National Commission on the Future of DNA Evidence, Postconviction DNA Testing: Recommendations for Handling Requests
    http://www.ncjrs.gov/pdffiles1/nij/177626.pdf

    This 131-page report was published in 1999 by the National Institute of Justice (NIJ). According to NIJ, "The way DNA evidence is collected, preserved, and tested is critical to the success of its use in criminal cases. Postconviction DNA Testing: Recommendations for Handling Requests examines legal and biological issues applied to DNA technology in the appeals process while recognizing the value of finality in the criminal justice system. This NIJ Issues and Practices document suggests recommendations for prosecutors, defense counsels, courts, victims' advocates, and laboratory personnel when receiving requests for postconviction DNA testing to maximize the future benefits and use of DNA in postconviction proceedings." (http://www.ojp.usdoj.gov/nij/pubs-sum/177626.htm)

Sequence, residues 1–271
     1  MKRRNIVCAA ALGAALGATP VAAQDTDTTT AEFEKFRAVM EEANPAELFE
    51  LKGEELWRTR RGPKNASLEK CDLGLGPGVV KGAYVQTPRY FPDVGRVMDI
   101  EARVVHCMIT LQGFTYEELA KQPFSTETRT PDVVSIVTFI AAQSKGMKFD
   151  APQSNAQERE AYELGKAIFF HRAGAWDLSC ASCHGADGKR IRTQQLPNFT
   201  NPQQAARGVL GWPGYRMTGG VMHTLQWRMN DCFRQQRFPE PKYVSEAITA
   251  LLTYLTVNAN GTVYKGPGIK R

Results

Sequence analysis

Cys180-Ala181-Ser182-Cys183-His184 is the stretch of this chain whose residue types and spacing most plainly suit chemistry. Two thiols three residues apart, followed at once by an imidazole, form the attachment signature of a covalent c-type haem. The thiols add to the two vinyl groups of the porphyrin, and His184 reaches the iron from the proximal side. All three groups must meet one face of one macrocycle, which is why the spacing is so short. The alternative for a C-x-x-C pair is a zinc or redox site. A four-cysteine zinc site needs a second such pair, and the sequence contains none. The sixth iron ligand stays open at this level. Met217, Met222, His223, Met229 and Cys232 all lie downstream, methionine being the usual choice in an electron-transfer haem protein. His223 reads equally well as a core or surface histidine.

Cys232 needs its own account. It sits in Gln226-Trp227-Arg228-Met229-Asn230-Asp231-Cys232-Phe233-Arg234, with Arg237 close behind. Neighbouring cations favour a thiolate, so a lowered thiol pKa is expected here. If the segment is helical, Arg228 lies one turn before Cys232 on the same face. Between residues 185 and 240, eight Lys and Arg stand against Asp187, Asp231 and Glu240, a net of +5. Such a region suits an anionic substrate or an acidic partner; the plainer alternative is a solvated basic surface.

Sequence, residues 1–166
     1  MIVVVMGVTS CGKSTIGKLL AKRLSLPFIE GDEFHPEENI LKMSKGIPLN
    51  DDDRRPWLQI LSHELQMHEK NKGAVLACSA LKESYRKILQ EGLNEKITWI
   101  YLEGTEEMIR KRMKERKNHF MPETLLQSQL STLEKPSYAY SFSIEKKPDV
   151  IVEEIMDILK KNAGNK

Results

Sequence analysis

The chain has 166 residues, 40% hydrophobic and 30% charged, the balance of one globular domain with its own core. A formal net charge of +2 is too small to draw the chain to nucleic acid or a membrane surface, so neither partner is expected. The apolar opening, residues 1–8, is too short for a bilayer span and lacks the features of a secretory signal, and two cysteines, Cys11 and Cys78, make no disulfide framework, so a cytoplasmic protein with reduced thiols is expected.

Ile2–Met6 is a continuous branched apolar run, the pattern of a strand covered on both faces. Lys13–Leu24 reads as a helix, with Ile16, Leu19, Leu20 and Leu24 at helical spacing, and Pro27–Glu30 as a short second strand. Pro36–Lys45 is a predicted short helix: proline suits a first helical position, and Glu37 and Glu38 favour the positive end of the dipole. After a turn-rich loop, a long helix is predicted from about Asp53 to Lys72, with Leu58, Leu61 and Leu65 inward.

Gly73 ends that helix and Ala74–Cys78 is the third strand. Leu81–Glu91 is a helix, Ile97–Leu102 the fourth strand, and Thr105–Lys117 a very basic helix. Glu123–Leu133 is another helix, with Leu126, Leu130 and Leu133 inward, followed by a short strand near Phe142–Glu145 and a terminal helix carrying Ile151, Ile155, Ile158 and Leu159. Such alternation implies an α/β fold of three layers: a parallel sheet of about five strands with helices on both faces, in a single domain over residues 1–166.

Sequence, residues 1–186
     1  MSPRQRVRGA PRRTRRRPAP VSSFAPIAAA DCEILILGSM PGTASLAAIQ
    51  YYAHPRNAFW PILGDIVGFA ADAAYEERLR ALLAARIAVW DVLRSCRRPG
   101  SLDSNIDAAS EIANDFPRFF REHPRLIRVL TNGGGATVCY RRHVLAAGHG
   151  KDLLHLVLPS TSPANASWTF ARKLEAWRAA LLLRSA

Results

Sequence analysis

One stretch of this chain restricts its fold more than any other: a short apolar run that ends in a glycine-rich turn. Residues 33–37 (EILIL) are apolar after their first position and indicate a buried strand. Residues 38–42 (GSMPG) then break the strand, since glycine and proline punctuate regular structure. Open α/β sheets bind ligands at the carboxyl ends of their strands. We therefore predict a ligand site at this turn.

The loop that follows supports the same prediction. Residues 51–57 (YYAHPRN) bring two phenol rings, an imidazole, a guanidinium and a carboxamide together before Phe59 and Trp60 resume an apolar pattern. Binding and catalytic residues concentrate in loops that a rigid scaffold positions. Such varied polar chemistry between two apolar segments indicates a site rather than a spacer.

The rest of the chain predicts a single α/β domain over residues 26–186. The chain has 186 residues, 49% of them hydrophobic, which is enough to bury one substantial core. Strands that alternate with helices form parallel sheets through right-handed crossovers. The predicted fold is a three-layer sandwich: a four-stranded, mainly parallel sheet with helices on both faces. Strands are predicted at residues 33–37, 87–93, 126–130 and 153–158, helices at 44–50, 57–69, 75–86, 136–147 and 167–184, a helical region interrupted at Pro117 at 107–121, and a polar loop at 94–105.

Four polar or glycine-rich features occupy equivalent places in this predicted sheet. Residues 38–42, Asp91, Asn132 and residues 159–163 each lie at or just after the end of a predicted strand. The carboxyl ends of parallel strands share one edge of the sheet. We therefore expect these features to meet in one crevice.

DNA Shall Prevail: Postconviction DNA Evidence: An Annotated Bibliography
    http://www.lib.drake.edu:8080/dspace/bitstream/2092/410/1/Sulzbach.pdf

    This annotated bibliography by Deborah Sulzbach was published in Legal Reference Services Quarterly, Vol. 25(1), 2006. Directed toward attorneys, librarians, students, and others with an interest in the topic, the bibliography first provides an introduction to the use of postconviction DNA evidence, then presents an annotated bibliography of related literature divided into personal stories, state specific articles, the Innocence Protection Act, Innocence Projects, miscellaneous articles, and books.